Metabolic Engineering of S. Cerevisiae for the Production of Propane | AIChE

Metabolic Engineering of S. Cerevisiae for the Production of Propane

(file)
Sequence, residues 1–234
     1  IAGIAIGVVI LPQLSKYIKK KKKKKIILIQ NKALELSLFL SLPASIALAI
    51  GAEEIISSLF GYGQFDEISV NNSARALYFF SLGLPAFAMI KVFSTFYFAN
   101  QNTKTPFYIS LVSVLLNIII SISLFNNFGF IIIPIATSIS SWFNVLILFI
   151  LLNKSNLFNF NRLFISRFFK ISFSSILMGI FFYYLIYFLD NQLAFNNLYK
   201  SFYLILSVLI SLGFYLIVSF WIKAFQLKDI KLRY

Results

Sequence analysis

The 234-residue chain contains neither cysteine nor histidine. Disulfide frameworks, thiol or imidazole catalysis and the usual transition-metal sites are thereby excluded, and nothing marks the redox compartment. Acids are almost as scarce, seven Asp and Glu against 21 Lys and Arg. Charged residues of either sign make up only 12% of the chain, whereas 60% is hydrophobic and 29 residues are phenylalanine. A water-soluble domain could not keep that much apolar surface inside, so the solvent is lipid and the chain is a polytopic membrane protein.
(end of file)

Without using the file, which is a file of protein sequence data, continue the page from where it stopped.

The goal of this experiment was to produce propane from Saccharomyces cerevisiae through a novel biosynthetic genetic pathway using genes KivD and ADO from Lactococcus lactis and Prochlorococcus marinus respectively. These genes branch off of S. cerevisiae’s metabolism from ketoisovalerate in the valine pathway. With increasing fuel prices worldwide and the possibility of a future energy crisis, there has been a strong shift towards developing renewable fuel systems from microorganisms. Propane, in particular, is an advantageous substance due to its diverse uses in motor vehicles, furnace heaters, and cooking fuels. Introduction of propane synthesis into S. cerevisiae helps these efforts by developing a high-producing fuel strain that can easily be grown to industrial sizes. A metabolic model of this organism was examined to determine any gene knockouts that would direct more of S. cerevisiae’s metabolism towards the production of propane. Further, production of propane in S. cerevisiae was compared for strains with and without the additional insertion of various valine pathway genes isolated from Penicillium chrysogenum. The high producing nature of the P. chrysogenum valine pathway was exploited by the introduction of eighteen different gene sequence iterations of the pathway into Saccharomyces cerevisiae cells. The pathway of P. chrysogenum was suggested to be high producing as L-valine is a key precursor to penicillin, an evolutionarily significant molecule to this organism. Though P. chyrsogenum is predicted to have a higher production of propane, it is much more difficult to grow at industrially relevant levels because it is multi-cellular and aggregates in media. S. cerevisiae was selected as the cellular host because it has a well characterized genome and metabolism, and it is much more easily grown to industrial standards. Yeast assembly methods were used to introduce the different iterations of the P. chrysogenum valine pathway genes into S. cerevisiae each including a Nourseothricin selection gene as well. This included a high and low producing strain for pathways using one of three genes involved in the expression of AHAS and ilvD proteins (AHAS I, AHAS II, AHAS III; ilvD I, ilvD II, ilvD III). Additional analyses were performed to determine which of these genes was responsible for regulation of each enzyme’s activity. Propane production of individual strains was quantified and compared to determine the efficiency of each strain. Once the highest producing strain has been selected, metabolic engineering techniques, such as increasing strain tolerance through serial subculturing and enhancing culture conditions, will be performed to optimize efficiency in this pathway while it is grown up to industrially relevant levels. Optimization of propane production in S. cerevisiae for use in industrial processes is an advantageous way to obtain valuable biofuels as the world faces an energy crisis.